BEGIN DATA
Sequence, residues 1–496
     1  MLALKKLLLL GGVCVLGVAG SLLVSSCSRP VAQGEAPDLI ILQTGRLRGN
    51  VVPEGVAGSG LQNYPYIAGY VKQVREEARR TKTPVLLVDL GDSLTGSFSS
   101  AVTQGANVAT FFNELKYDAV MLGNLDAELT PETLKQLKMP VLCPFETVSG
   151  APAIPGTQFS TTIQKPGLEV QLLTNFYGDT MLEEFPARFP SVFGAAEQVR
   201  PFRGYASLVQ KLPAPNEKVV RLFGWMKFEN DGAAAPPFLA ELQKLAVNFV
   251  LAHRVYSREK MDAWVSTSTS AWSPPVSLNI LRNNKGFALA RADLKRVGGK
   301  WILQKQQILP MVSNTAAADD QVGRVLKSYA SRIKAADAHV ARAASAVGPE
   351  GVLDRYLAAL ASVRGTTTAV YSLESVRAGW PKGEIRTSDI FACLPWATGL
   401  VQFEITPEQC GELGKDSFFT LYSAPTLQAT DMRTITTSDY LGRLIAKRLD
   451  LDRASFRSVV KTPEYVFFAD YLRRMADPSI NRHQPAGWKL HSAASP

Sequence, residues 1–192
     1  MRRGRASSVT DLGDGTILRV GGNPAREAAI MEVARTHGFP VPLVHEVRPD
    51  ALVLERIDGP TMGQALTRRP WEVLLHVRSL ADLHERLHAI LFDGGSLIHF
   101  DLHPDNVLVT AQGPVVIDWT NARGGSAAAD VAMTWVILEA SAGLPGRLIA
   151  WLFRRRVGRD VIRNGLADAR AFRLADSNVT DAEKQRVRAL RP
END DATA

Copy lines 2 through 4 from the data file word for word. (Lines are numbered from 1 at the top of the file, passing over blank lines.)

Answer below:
     1  MLALKKLLLL GGVCVLGVAG SLLVSSCSRP VAQGEAPDLI ILQTGRLRGN
    51  VVPEGVAGSG LQNYPYIAGY VKQVREEARR TKTPVLLVDL GDSLTGSFSS
   101  AVTQGANVAT FFNELKYDAV MLGNLDAELT PETLKQLKMP VLCPFETVSG